This chapter presents specific issues faced by older adults in response to adaptations to chronic illness and disability. Some individuals have congenital disabilities and others acquire a disability early in life and are able to adjust fairly easily, aging with their disability. On the other hand, some individuals acquire a disability later in life and may experience great difficulty making the adjustments to their condition. The chapter presents information on the age-related concerns of older adults, components and perceptions of aging, assessment issues associated with older adults, vocational interests, and death and dying perspectives. It also discusses the implications for service delivery in the context in which older adults are served along with laws and regulations that apply to the population. Aging and geriatric persons often utilize a variety of services from multiple entities (e.g., social, legal, medical, financial, and counseling).
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The prison system serves as an institution not only for punishment of crimes committed but as a facility for rehabilitation of offenders. The process of reentry or reintegration may be varied among ex-offenders owing to life circumstances and abilities and is rarely a linear process. Many adult ex-offenders have disabilities that may allow them to apply and qualify for vocational rehabilitation services such as psychiatric disorders, substance abuse and addiction problems, intellectual disabilities, chronic health issues, and dual diagnoses. This chapter presents evidence-based practices for assisting ex-offenders with disabilities from an interdisciplinary and a multiservice provision perspective. Information is presented on barriers to community reintegration including legal concerns, barriers to employment, employers’ hiring practices, and self-imposed barriers. The intent is to present the systematic ways in which ex-offenders with disabilities are unrecognized as vulnerable and marginalized populations that can benefit from an array of services.
This book brings to life the International Classification of Functioning, Disability, and Health (ICF; World Health Organization, 2001) for rehabilitation counselors. The book presents contemporary information that can be used to educate, guide practice, and provide the foundation for emerging research related to the psychosocial aspects of disability and chronic disease. It provides a powerful and informative resource for students, practitioners, and scholars in developing and reinforcing rehabilitation counseling principles that guide rehabilitation counseling education, practice, and research. The book is organized into five major parts containing 30 chapters. Part I presents the historical perspectives on illness and disability. Part II offers insights into the personal impact of illness and disability on individuals by looking closely at several unique psychosocial life experiences. It discusses various theories of adaptation to disability, the unique experiences faced by women with disabilities, gender differences regarding sexuality, multicultural and family perspectives of disability, and quality of life (QOL) issues for those with disabilities. Part III addresses issues such as involvement, support, and coping of family members (parents, children, spouses, and partners) which includes family caregiving and counseling, to promote optimal medical, physical, mental, emotional, and psychological functioning of the person with a disability. Part IV reflects the growing need for diagnostic, treatment, and preventive interventions, and the coordination of important resources to help persons with chronic illnesses and disabilities achieve optimal levels of independent functioning. It delves on substance use disorders, trauma-related mental health problems among combat veterans, and assistive technology. The final part addresses several contemporary issues faced by persons with chronic illness and disabilities (CIDs) that are relevant to counselors and practice. It discusses newer challenges that these individuals face, including obesity, poor nutrition, poverty, suicide, threat of terrorism, and depression, all of which are on the rise in the United States.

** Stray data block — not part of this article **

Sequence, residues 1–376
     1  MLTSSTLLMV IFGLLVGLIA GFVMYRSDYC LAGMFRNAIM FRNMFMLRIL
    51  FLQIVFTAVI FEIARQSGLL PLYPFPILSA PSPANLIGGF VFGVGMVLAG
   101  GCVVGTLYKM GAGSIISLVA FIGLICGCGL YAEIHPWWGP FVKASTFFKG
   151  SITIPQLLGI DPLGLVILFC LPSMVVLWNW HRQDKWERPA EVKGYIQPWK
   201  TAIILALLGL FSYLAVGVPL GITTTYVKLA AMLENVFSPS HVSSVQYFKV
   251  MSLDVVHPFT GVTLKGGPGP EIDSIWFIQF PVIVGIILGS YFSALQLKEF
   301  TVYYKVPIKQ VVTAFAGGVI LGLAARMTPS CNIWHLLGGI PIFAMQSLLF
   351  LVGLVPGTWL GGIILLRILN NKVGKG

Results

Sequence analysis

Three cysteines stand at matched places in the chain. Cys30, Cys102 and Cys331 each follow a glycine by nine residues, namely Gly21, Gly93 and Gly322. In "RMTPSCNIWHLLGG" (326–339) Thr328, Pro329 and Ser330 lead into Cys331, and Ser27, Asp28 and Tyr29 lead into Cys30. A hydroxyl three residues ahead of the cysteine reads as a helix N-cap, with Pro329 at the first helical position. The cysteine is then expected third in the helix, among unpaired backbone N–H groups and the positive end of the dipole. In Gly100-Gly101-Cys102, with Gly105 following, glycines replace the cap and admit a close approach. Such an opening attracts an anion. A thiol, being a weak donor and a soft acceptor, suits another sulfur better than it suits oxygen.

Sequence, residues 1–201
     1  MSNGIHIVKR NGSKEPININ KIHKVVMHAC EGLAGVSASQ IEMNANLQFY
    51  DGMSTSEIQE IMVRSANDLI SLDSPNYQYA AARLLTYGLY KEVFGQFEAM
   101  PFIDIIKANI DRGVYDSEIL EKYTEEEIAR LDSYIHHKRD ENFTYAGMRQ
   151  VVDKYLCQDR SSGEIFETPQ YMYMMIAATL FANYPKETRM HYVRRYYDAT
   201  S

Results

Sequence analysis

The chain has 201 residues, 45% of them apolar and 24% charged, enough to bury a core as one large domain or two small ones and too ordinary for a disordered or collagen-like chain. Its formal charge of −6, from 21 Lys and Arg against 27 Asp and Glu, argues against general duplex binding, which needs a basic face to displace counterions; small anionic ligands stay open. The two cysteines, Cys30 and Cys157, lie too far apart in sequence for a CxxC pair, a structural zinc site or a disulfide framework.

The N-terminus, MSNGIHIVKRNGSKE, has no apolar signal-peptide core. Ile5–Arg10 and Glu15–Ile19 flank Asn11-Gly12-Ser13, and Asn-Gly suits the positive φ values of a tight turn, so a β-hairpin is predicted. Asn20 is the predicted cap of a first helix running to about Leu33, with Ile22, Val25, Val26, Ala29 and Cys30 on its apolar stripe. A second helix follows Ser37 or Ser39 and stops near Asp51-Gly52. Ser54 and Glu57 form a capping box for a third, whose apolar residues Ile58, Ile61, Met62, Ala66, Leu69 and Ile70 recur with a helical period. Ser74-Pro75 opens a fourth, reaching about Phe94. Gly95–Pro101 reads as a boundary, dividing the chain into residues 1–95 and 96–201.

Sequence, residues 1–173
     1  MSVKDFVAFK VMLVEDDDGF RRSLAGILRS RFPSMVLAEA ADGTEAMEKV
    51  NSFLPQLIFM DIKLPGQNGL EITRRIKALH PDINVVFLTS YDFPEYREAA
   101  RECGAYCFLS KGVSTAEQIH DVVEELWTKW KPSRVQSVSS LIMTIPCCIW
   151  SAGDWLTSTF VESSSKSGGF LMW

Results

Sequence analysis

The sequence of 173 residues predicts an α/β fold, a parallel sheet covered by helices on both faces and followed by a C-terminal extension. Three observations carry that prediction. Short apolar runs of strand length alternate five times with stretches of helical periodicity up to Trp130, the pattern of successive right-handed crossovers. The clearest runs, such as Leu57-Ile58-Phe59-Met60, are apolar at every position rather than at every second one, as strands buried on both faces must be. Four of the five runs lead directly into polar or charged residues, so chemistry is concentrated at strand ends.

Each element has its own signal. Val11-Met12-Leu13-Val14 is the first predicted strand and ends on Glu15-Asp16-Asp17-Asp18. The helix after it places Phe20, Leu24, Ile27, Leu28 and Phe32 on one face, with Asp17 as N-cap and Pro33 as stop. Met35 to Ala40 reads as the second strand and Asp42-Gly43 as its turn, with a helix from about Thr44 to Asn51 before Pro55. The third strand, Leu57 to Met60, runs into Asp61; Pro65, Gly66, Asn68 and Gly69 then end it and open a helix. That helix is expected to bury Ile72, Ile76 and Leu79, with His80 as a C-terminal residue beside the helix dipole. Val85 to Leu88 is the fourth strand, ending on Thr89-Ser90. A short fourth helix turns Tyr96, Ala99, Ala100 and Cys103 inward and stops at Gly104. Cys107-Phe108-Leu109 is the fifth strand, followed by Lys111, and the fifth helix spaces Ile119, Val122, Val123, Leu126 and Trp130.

Poverty and disability are interconnected and are cyclical in nature. That is, persons with disabilities and chronic illnesses are disproportionately represented among those living in poverty and poverty disproportionately affects individuals with disabilities. Socioeconomic status is the most powerful predictor of chronic disease, disability, and mortality. The intersection between poverty and disability and chronic illness is influenced by a host of factors including employment status, educational attainment, lack of insurance, lack of access to medical care, race, ethnicity, sexual orientation, and gender identity. Persons with disabilities living in poverty may have to contend with multiple risks associated with limited resources, high stress, neurobehavioral effects, and exposure to various traumas. This chapter examines how poverty, disability, and chronic illness influence one another, describes the impact of poverty, contributing factors that precipitate and result from living in poverty, and the relationship between poverty and disability, and discusses implications and strategies for counseling.